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Shattering Digital TV signals

We have a new HDTV with a built in digital tuner, and an older TV with a converter box. We have a newer directional rooftop antenna that we recently moved to the second story roof to try and help with our problem.

We get crystal clear reception on some analog stations, but are either totally unable to get the digital channels associated with that station, or we have frequent shattering of the signal, both audio and video. Weather, airplanes, and even semis on a nearby hill shatter the signals, even the signals from the closer and stronger stations.

We fear that once the analog stations go off the air, we will have few channels to watch, and poor and frustrating viewing of those.

Any ideas on what we can do? We called one of our favorite Public TV stations, they say it sounds like we've tried everything, and we will just not receive their signals after the switch.

Re: Shattering Digital TV signals

The digital television signal is generally carried the same as the analog signals..... in that sense they are the same.
Basically the audio/video componets are imposed in a radio frequency medium to deliver the information to your TV.

The over the air antennas need to be correct for the band of frequencies that are being broadcast. For example ... the analog stations may be in the VHF band ..... the digital broadcast may be in the UHF band .... which would require a combination VHF/UHF antenna to recieve both.

There are many other factors that could impede reception such as .... distance ... sight of line ... strength of signal ... etc..

Here's a couple of links for information check the first one for your specific area.....



Re: Shattering Digital TV signals

Usually an analog signal can be picked up on all sides of the antenna but for the digital signal you need the antenna pointed in the right direction as it is a narrower band so is much more directional. A lot of rotors are going to be sold after the change over. Not all stations broadcast digital yet. And yes you need the proper antenna to pick up the digital signal.

Re: Shattering Digital TV signals

I agree with you about the signal strength problem and I don't know how much we have spent ourselves on new television equipment and time to get things set up.
I agree with the above posters you certainly will need a rotor and in some areas you will need a signal booster that will need to be set up by an antenna professional as there are different strengths of boosters and the booster has to be put on the antenna itself and another part has to be plugged in inside the house.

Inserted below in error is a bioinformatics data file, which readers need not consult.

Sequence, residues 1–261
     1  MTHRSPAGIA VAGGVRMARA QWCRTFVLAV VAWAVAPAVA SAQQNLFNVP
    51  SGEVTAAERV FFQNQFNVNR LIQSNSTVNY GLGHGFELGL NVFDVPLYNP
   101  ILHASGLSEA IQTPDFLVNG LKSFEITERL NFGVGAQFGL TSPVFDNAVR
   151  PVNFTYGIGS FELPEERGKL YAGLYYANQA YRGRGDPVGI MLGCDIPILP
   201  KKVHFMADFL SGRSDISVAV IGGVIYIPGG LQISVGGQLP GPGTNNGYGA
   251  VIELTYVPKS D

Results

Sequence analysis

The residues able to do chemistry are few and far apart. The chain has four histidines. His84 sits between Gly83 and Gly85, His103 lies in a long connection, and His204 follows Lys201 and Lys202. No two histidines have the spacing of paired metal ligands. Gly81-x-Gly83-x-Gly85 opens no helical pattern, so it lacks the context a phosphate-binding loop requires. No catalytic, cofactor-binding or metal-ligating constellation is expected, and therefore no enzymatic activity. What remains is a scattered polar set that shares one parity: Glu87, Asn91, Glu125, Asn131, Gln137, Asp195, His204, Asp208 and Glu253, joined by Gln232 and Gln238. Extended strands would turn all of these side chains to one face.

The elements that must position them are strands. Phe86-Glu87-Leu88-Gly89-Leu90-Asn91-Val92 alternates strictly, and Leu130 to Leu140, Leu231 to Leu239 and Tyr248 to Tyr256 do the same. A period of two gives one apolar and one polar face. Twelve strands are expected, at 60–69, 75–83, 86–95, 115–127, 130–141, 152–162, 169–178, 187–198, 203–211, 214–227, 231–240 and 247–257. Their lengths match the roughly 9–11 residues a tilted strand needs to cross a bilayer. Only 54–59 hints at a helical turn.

I see by your post that you have already bought a new outside antenna and I am sure that you might have been told that you need a new hd antenna. From my research there is no such thing the antennas whether they say hd on them or not are the same as the old antennas and nothing has changed there.
However I have found out from a local antenna installer who wasn't trying to sell me a new antenna that size sometimes matters in buying an antenna for hd signals. So just getting a larger antenna or a signal booster might help you even though you have already bought a new antenna.
One thing I think has happened is that some stations are going dark with their hd signals as they are not yet required by law to put them on the air. I say that because when I first set up our equipment all of the stations were fine even the spanish ones that I don't watch and I haven't changed my rotor. So my best advice is go with a rotor and signal booster first and then see how that works. Things hopefully will work out eventually. Good luck to all of us.:)

Re: Shattering Digital TV signals

FWIW....I agree with hedgeclippers as regards the signal booster/amplifier. We don't have a rotor setup with a single antenna, but rather we have an antenna array. The vast majority of over-air signals available to us (that aren't simply reduntant signals/broadcasts) come from two directions and rather than spend time waiting for a rotor to realign ....I mounted two antennas on the same mast many years ago...one pointing NE and the other all most due north. The one pointing north is receiving stations 70+ miles away. It worked splendidly on analog and works even better with digital.

The "secret" to pulling these fringe stations is to have the right antenna (long boom/high gain) AND a mast-mount antenna amplifier. This is the two-piece amplifier that HC mentions. One component is mounted up on the mast and the other is inside the house (plugged in to 120VAC outlet). About $60 for these signal amplifiers....and they are the bestest of the lot of amplifiers for pulling in weak/fringe stations. If in doubt about how much "gain" you'll need...try to find one that has a variable gain control at the component inside the house. This will allow you to adjust the gain as needed. Too much gain can be as detrimental to picture quality as not enough gain.